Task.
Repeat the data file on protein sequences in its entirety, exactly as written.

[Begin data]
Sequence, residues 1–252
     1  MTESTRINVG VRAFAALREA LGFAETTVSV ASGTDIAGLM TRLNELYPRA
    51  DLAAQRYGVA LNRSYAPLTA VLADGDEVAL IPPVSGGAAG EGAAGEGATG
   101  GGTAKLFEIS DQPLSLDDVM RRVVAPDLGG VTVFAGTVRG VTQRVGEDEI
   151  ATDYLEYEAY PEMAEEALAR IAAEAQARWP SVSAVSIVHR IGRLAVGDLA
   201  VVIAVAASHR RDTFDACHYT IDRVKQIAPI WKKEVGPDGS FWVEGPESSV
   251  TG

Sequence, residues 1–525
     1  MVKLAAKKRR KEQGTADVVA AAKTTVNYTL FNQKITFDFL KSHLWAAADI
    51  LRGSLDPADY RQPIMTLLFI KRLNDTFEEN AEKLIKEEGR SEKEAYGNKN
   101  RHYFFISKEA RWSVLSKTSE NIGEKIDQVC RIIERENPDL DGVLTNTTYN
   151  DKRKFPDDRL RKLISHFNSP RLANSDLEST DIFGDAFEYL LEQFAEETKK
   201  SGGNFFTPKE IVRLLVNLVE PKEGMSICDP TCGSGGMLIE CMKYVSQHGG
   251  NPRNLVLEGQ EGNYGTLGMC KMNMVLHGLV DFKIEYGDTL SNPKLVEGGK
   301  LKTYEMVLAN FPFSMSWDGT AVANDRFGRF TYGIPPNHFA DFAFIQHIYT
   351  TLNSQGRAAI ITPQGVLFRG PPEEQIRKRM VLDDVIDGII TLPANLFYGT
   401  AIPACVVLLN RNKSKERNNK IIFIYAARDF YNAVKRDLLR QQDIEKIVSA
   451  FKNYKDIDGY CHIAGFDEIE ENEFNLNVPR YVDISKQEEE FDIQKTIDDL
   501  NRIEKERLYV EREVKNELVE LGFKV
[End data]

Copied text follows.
Sequence, residues 1–252
     1  MTESTRINVG VRAFAALREA LGFAETTVSV ASGTDIAGLM TRLNELYPRA
    51  DLAAQRYGVA LNRSYAPLTA VLADGDEVAL IPPVSGGAAG EGAAGEGATG
   101  GGTAKLFEIS DQPLSLDDVM RRVVAPDLGG VTVFAGTVRG VTQRVGEDEI
   151  ATDYLEYEAY PEMAEEALAR IAAEAQARWP SVSAVSIVHR IGRLAVGDLA
   201  VVIAVAASHR RDTFDACHYT IDRVKQIAPI WKKEVGPDGS FWVEGPESSV
   251  TG

Sequence, residues 1–525
     1  MVKLAAKKRR KEQGTADVVA AAKTTVNYTL FNQKITFDFL KSHLWAAADI
    51  LRGSLDPADY RQPIMTLLFI KRLNDTFEEN AEKLIKEEGR SEKEAYGNKN
   101  RHYFFISKEA RWSVLSKTSE NIGEKIDQVC RIIERENPDL DGVLTNTTYN
   151  DKRKFPDDRL RKLISHFNSP RLANSDLEST DIFGDAFEYL LEQFAEETKK
   201  SGGNFFTPKE IVRLLVNLVE PKEGMSICDP TCGSGGMLIE CMKYVSQHGG
   251  NPRNLVLEGQ EGNYGTLGMC KMNMVLHGLV DFKIEYGDTL SNPKLVEGGK
   301  LKTYEMVLAN FPFSMSWDGT AVANDRFGRF TYGIPPNHFA DFAFIQHIYT
   351  TLNSQGRAAI ITPQGVLFRG PPEEQIRKRM VLDDVIDGII TLPANLFYGT
   401  AIPACVVLLN RNKSKERNNK IIFIYAARDF YNAVKRDLLR QQDIEKIVSA
   451  FKNYKDIDGY CHIAGFDEIE ENEFNLNVPR YVDISKQEEE FDIQKTIDDL
   501  NRIEKERLYV EREVKNELVE LGFKV